Industry Analyst Relations

Wendy Nather: What do analysts want?

What do analysts really want? While every analyst will have their own preferences, some strong points of agreement came up in a recent twitter thread by Cisco’s Wendy Nather (@WendyNather), who previously led 451 Research’s team of security analysts.

Wendy’s thoughts on the needs of industry analysts were added to by some of the most experienced analysts around. In this post, and with her permission, I’ve gathered her thoughts and added in some of the most notable comments.

Many thanks to Wendy for giving me permission to reproduce these comments. All the credit goes to the original authors.

  1. Briefing an analyst is different from selling to a customer.Don’t use the same deck. Jedi sales mind tricks won’t work and will simply be annoying.
  • Greg Bell (@ferrix) adds: I conduct sales calls using almost the same strategy (plus listening to what the customer needs and seeing if my thing can help or not). It works great every time and they’re always so pleasantly surprised there’s no PowerPoint 🙂
  1. Remember, an analyst has maybe half an hour(or an hour if you’re lucky) to figure out and understand something you may have been working on for months or years. Ask how they want to learn it (maybe it’s not PowerPoint). I myself prefer to use a hands-on demo.
  • 451 alum Fernando Montenegro (@fsmontenegro) exemplifies this; “When taking a briefing, I tell vendors to speak to me as if I’m two people: VC interested in your business and as technical buyer interested in your product. Answers in both domains should be comprehensive.”
  1. Don’t waste time setting up the problem.The analyst already knows what the problem/threat/risk/concept is. Go straight to how you address it. Don’t assume the analyst isn’t technical; let her have as many details as she wants.
  • Joe Franscella adds: “This is key & often overlooked. When possible, I try and do an inquiry ahead of a briefing, to understand what the analyst needs to know to inform his enterprise clients, that way we get to the punch line, fast. I often hear, “Don’t bother setting up the problem, I already know it.”
  1. Because time is so short, the analyst can’t spend time proving or refuting your claims;she can only report them. It’s no use pointing out that your competitor is lying unless you can prove it unequivocally. Otherwise you’re just in “yuh-huh!” “nuh-uh!” territory.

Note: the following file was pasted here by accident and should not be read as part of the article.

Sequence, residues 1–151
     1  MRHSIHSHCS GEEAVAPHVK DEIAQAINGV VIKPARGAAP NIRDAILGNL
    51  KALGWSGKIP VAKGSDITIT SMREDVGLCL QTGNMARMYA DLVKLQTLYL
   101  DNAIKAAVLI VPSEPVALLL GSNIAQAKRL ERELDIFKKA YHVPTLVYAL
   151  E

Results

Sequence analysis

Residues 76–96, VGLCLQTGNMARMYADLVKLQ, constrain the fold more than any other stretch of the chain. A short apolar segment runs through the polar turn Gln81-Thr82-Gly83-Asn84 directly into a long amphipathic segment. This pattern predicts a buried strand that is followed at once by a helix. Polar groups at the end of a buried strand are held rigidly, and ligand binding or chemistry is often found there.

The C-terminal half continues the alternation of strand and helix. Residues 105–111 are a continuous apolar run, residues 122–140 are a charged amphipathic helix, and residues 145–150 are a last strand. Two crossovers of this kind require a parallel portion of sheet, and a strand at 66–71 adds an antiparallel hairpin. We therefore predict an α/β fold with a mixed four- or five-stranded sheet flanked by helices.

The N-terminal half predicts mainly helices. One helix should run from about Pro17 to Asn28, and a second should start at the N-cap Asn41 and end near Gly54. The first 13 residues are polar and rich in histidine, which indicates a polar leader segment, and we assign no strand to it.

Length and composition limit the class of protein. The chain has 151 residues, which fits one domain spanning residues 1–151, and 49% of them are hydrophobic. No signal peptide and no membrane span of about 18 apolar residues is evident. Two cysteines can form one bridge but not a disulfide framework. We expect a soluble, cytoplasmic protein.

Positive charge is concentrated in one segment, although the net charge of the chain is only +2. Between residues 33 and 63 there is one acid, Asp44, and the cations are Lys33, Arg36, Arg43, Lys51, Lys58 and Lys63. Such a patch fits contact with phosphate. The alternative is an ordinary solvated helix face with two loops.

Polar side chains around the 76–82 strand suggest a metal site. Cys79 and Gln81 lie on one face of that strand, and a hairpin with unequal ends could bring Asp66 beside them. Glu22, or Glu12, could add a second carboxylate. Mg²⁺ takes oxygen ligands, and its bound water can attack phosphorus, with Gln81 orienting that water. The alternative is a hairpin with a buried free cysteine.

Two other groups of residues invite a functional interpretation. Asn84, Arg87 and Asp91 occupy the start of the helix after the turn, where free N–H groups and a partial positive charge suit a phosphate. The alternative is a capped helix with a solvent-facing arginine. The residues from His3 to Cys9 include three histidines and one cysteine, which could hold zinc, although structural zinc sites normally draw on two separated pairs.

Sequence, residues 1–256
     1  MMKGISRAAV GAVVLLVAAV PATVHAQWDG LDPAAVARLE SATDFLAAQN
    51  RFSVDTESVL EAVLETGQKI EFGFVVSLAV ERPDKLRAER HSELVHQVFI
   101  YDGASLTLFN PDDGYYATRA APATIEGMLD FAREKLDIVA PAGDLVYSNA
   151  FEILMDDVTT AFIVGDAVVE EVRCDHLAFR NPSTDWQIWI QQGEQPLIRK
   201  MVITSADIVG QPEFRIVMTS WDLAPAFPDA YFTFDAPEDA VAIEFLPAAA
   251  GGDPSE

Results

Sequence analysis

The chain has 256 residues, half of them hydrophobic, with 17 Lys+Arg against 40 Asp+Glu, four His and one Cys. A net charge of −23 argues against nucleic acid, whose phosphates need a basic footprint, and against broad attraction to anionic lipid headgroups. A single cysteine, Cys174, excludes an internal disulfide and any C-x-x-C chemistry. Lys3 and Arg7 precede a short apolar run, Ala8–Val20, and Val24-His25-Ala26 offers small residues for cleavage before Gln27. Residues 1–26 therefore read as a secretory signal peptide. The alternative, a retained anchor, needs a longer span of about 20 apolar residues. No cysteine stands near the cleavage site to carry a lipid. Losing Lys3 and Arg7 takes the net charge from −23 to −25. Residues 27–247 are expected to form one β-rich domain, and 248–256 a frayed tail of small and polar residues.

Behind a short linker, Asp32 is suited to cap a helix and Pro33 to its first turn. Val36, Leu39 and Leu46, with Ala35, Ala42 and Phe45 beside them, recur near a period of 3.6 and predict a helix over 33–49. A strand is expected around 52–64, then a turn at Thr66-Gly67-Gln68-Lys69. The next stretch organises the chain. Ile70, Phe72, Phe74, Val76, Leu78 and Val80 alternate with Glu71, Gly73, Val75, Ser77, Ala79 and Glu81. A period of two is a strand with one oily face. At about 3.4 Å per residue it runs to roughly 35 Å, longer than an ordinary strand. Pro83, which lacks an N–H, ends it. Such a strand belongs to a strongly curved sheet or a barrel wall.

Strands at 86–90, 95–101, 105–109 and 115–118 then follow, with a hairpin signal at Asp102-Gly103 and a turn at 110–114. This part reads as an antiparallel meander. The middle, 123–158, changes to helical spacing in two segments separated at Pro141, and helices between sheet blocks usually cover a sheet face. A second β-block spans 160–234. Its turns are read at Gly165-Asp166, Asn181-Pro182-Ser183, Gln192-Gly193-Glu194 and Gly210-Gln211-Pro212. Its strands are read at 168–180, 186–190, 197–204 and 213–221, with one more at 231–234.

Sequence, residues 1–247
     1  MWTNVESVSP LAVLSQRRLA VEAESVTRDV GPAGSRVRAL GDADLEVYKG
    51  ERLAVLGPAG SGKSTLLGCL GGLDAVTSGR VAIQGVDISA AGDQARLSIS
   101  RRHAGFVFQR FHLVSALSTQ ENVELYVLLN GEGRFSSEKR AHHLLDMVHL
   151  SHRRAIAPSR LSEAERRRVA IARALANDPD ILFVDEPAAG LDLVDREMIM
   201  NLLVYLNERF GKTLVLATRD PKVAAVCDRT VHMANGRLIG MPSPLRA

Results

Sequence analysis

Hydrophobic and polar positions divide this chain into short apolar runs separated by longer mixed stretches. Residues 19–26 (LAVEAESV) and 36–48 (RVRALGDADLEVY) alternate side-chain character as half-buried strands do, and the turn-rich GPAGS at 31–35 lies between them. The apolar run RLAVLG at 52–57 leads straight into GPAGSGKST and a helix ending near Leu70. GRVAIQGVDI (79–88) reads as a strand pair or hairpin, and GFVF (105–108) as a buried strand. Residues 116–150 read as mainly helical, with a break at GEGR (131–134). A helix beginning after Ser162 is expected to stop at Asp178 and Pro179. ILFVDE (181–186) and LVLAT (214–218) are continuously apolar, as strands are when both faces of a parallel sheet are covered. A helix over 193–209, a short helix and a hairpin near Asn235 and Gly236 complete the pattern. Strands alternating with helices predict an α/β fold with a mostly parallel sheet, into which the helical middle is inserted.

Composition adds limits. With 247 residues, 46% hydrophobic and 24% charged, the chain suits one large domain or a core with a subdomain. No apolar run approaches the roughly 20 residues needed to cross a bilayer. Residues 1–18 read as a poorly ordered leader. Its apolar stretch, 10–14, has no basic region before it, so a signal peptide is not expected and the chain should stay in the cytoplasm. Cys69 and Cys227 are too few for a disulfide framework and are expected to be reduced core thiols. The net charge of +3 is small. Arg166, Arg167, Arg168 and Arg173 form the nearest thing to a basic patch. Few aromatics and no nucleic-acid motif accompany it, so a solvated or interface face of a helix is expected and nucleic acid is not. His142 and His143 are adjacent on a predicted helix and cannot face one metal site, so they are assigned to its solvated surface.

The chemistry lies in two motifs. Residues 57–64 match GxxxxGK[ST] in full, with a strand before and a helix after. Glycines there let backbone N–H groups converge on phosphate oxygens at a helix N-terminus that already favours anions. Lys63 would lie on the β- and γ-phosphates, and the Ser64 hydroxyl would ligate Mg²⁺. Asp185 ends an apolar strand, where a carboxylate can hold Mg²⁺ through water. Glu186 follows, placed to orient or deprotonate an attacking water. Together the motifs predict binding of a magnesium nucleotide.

2. Don’t say you’re the “first”or “only” company to do something. That just made me want to prove you wrong, and 9 times out of 10, I could do it. In fact, get rid of adjectives and adverbs altogether. Just give facts. I’ll make the judgment as to whether it’s fast or unique.
  • Nick Selby (@fuzztech) invoked Nick Patience, a co-founder of 451, reminding us of: his early rule that, if you are the only one in a category, it’s not a category.
  • Eirik Bakke (@eirikbakke) muses: “This might be a tendency from academic CS research, where publications are required to define “novel” contributions. (In business, of course, “first” does not imply “better”, nor does it matter if a now-defunct competitor did the same thing in 1995.)”
  1. Just because the analyst has a different opinion doesn’t mean she doesn’t “get it.”Don’t threaten to keep briefing her until she sees it your way. Make sure she has the facts, then step back and let her analyse them.
  • George Hamilton (@EGHamilton), also a recovering analyst, adds to this: great advice. One more thing: don’t be defensive. If you’re briefing for validation you’re doing it wrong. Welcome the criticism and the holes they poke in your story. Learn and work to be better
  1. Extravagant swag, parties, etc. don’t make a difference.I’ve had dinner at Michael Dell’s house; it didn’t change how I analysed Dell’s offerings. Just be friendly, respectful, and honest.

Wendy concludes:

I am so glad I never had to stack-rank vendor offerings (as in a quadrant or a wave). It would have made me crazy to try to determine one as “better” or “worse” than the other, and then hear the vendor complain about it to my bosses.
And as an analyst, I always reserved the right to be wrong. Yes, we get it wrong sometimes, and if it’s with your company’s offering, I’m sorry. We do our best, but we all have our strengths and weaknesses and bad days.


Written by Duncan Chapple


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